Out of sixty-one infant car seats tested, thirty-one flew off their bases or exceeded injury limits in a series of frontal car crashes conducted by federal researchers using 2008 model year vehicles. These test results, however, were never published and some infant car seat manufacturers were unaware of their existence. The Chicago Tribune newspaper found the data buried in thousands of pages of test reports from the National Highway Traffic Safety Administration (NHTSA); the tests were being conducted in order to determine the safety of the cars, not the child restraints in them. This data calls into question the rigor of safety standards for such seats and the NHTSA’s negligence in failing to report the information to the public.
While a consumer may compare the safety of cars, there are no similar resources available to compare the safety of child car seats. Parents are left wondering which car seat to choose and whether conventional wisdom is accurate. For example, the most expensive car seats had poor results, and some car seats were protected in small cars better than in large cars. Many infant restraints that were strapped into cars with a five-star safety rating, the highest rating possible, also performed poorly. While examining the data, the Tribune found the higher injury ratings occurred when the infant dummy’s head hit the back of the front seats; in the sled tests, this potential injury would not be observed since there are no front seats. Manufacturers are also not forced to test side-impact scenarios, though when the government tested such scenarios, a recall of one million Evenflo Discovery seats was initiated.
In the video the Graco SafeSeat flew off its base; however, NHTSA officials are not seeking a recall because the seat remained connected in five other tests so it was not a "repeatable event". The agency is still analyzing its test results, though it claims that if car seats performed as poorly on American roads as it did in research tests, there would be a lot more infant fatalities or serious injuries.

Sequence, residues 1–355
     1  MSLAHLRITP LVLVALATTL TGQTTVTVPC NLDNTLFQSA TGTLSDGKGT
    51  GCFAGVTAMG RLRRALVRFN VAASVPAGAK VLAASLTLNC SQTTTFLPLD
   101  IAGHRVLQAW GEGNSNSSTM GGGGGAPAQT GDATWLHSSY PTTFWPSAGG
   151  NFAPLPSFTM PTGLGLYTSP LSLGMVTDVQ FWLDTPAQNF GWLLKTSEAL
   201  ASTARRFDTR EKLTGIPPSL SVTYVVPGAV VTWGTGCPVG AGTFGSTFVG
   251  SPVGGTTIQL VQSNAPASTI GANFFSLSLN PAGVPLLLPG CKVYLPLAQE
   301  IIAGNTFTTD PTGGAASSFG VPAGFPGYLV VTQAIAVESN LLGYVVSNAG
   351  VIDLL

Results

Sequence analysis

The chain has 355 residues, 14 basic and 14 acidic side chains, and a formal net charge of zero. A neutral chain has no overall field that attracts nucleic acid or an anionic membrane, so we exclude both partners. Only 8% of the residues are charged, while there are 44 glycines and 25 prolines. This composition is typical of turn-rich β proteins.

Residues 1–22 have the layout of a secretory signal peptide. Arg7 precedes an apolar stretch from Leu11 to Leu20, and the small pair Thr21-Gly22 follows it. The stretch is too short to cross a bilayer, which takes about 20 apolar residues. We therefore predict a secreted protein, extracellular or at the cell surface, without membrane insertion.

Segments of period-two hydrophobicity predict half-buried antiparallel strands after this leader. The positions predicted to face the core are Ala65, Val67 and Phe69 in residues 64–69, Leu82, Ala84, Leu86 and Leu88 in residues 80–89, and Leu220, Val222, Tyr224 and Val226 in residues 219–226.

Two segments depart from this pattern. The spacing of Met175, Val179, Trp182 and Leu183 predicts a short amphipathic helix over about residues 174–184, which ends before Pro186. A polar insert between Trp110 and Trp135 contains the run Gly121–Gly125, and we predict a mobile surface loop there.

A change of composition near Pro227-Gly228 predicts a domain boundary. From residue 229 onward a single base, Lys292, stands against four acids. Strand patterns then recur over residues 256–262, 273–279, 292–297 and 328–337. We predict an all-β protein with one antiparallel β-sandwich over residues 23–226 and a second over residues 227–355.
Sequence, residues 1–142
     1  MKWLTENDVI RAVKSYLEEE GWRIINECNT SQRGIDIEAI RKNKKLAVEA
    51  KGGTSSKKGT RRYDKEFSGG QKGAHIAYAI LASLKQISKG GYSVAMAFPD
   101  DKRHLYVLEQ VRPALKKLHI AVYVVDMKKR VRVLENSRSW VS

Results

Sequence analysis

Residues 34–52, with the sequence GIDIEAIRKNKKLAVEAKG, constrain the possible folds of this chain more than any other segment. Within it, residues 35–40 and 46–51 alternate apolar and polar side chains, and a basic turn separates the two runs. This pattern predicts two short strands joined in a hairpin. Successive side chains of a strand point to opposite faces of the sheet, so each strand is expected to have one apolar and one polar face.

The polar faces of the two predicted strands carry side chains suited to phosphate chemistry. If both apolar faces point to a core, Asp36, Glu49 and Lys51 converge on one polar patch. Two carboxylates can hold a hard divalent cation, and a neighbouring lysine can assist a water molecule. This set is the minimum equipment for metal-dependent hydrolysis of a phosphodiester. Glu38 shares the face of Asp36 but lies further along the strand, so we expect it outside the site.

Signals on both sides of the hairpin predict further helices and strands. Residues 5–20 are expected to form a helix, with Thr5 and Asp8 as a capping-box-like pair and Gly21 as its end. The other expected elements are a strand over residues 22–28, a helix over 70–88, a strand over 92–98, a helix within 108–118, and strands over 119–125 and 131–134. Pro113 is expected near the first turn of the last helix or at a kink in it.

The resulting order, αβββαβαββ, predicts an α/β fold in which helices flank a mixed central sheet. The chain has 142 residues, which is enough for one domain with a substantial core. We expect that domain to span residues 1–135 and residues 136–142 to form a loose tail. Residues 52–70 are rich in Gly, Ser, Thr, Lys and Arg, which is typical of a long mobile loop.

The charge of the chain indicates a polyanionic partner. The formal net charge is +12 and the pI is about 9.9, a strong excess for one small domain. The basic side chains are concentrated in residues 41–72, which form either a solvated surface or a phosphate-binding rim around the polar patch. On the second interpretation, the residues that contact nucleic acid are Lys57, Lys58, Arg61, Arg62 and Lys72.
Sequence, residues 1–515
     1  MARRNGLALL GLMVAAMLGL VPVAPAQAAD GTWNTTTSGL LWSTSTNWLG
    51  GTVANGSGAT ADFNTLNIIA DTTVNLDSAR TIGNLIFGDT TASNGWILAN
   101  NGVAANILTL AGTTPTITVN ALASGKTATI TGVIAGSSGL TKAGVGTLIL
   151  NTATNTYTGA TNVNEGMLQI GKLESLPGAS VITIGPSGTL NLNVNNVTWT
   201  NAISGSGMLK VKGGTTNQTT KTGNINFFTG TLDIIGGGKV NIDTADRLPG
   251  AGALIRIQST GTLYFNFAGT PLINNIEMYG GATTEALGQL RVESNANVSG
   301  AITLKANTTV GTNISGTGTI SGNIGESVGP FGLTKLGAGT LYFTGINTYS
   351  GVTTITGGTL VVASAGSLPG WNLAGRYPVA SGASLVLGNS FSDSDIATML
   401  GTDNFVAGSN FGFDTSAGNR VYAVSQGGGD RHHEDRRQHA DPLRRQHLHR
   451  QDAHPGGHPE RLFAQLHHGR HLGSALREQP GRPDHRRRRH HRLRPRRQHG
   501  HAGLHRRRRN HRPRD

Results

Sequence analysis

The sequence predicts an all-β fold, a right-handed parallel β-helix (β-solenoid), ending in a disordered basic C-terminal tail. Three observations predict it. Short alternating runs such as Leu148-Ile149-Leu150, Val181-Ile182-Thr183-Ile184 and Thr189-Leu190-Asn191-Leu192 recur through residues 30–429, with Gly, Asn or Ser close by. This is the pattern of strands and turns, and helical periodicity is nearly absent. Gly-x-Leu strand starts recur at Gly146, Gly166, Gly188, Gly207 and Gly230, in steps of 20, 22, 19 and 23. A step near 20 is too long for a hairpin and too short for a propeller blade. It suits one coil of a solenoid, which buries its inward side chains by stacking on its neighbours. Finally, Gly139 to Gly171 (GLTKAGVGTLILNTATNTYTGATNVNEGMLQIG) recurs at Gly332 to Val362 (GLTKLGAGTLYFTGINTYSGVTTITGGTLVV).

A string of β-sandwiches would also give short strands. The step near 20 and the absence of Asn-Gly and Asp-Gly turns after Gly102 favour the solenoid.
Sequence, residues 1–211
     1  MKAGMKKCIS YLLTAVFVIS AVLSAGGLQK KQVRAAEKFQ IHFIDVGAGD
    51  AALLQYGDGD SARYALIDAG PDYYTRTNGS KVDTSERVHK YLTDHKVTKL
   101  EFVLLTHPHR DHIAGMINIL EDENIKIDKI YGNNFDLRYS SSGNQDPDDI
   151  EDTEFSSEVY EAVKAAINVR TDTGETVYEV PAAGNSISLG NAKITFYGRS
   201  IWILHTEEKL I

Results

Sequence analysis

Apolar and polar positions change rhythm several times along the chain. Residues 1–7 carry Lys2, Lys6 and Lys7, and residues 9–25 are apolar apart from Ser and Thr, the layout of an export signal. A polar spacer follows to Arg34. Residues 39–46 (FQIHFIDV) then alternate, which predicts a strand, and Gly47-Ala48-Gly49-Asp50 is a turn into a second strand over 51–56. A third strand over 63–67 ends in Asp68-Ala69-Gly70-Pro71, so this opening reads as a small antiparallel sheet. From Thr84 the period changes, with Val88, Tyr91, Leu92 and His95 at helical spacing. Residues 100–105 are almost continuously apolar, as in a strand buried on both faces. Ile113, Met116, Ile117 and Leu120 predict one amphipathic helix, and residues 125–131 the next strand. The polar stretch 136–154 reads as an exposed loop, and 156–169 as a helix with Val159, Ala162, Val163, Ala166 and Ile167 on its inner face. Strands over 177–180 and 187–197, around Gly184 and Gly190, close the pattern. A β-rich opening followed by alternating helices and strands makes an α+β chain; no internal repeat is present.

Some manufacturers dispute the government’s results, such as Graco’s Children’s Products Manager, who claims the SafeSeat in the video was not properly snapped into its base. If the backseat of a car has a glitch, this too can create problems for a car seat. For example in a car where the backseat came apart, a strap that fastens between the baby’s legs ripped off. In a car where the seat stayed intact, however, the strap remained whole. NHTSA officials claim skilled technicians properly installed the seats and officials juxtaposed crash photos and owner’s manual diagrams to assure the seats were installed properly.
While the government said the tests were research, the results for two seats were so troubling regulators recalled the seat models and one manufacturer completely overhauled the way it evaluates its seats. Since the results were made public, the newly appointed Transportation Secretary ordered a complete review of child safety seat regulations and directed NHTSA staff to make crash-test results more available to the public. Former NHTSA administrator, Joan Claybrook, recommends automakers crash-test cars along with infant seats to see which products perform best with each model.